Presented by:

Freedman headshot july2012

Michael Freedman


Michael J. Freedman is the co-founder and CTO of TimescaleDB, an open-source database that scales SQL for time-series data, and a Professor of Computer Science at Princeton University. His research focuses on distributed systems, networking, and security.

Previously, Freedman developed CoralCDN (a decentralized CDN serving millions of daily users) and Ethane (the basis for OpenFlow / software-defined networking). He co-founded Illuminics Systems (acquired by Quova, now part of Neustar) and is a technical advisor to Blockstack.

Honors include: Presidential Early Career Award for Scientists and Engineers (PECASE, given by President Obama), SIGCOMM Test of Time Award, Caspar Bowden Award for Privacy Enhancing Technologies, Sloan Fellowship, NSF CAREER Award, Office of Naval Research Young Investigator Award, DARPA Computer Science Study Group membership, and multiple award publications. Prior to joining Princeton in 2007, he received his Ph.D. in computer science from NYU's Courant Institute, and his bachelors and masters degrees from MIT.

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Storage systems like databases and file systems have long used compression to reduce their storage footprint. Yet the most effective compression techniques were traditionally limited to column stores, where increased data-type locality provides greater options for advanced capabilities. It has often been assumed that fundamental differences between column-store and row-store architectures lead to these opportunities.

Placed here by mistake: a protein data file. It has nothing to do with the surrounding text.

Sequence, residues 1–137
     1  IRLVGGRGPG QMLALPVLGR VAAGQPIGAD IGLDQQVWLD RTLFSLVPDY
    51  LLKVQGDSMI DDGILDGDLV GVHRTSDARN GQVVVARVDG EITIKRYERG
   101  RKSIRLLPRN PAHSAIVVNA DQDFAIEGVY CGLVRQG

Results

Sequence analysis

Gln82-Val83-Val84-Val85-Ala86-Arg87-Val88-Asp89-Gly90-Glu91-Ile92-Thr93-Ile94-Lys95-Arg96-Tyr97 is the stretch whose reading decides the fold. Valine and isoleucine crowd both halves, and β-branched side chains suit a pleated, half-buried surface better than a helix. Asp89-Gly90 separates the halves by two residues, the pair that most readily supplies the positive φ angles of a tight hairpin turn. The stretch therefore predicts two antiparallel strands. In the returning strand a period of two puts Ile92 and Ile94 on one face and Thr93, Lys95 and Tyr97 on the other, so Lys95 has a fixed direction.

The TimescaleDB engineering team recently introduced a compression scheme which challenges this assumption. This compression technique uses regular Postgres values to store data from many rows in columnar form and supports all Postgres data types. Additionally, the recent release of TimescaleDB uses state-of-the-art compression techniques to achieve storage usage on par with dedicated column stores.

During this talk, Michael will discuss how TimescaleDB native compression combines the best of both worlds: (1) all of the benefits of PostgreSQL, including the insert performance and shallow-and-wide query performance for recent data from a row store, combined with (2) the compression and additional query performance -- to ensure we only read the compressed columns specified in a query -- for deep-and-narrow queries of a columnar store.

2020 March 23 16:10
50 min
Postgres Conference 2020